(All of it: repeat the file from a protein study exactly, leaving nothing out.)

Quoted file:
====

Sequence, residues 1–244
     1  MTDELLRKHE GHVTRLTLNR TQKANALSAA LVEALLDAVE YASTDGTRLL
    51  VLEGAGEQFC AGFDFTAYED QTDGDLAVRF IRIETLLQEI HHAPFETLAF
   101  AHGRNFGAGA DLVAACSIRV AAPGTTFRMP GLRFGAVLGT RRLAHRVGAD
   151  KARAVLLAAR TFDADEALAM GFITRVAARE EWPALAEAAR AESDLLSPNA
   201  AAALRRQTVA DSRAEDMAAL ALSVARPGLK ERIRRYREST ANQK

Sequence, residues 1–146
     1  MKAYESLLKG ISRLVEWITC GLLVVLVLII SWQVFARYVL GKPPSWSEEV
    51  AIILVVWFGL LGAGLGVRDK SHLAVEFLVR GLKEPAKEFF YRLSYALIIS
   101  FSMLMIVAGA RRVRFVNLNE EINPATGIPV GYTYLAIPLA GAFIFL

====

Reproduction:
Sequence, residues 1–244
     1  MTDELLRKHE GHVTRLTLNR TQKANALSAA LVEALLDAVE YASTDGTRLL
    51  VLEGAGEQFC AGFDFTAYED QTDGDLAVRF IRIETLLQEI HHAPFETLAF
   101  AHGRNFGAGA DLVAACSIRV AAPGTTFRMP GLRFGAVLGT RRLAHRVGAD
   151  KARAVLLAAR TFDADEALAM GFITRVAARE EWPALAEAAR AESDLLSPNA
   201  AAALRRQTVA DSRAEDMAAL ALSVARPGLK ERIRRYREST ANQK

Sequence, residues 1–146
     1  MKAYESLLKG ISRLVEWITC GLLVVLVLII SWQVFARYVL GKPPSWSEEV
    51  AIILVVWFGL LGAGLGVRDK SHLAVEFLVR GLKEPAKEFF YRLSYALIIS
   101  FSMLMIVAGA RRVRFVNLNE EINPATGIPV GYTYLAIPLA GAFIFL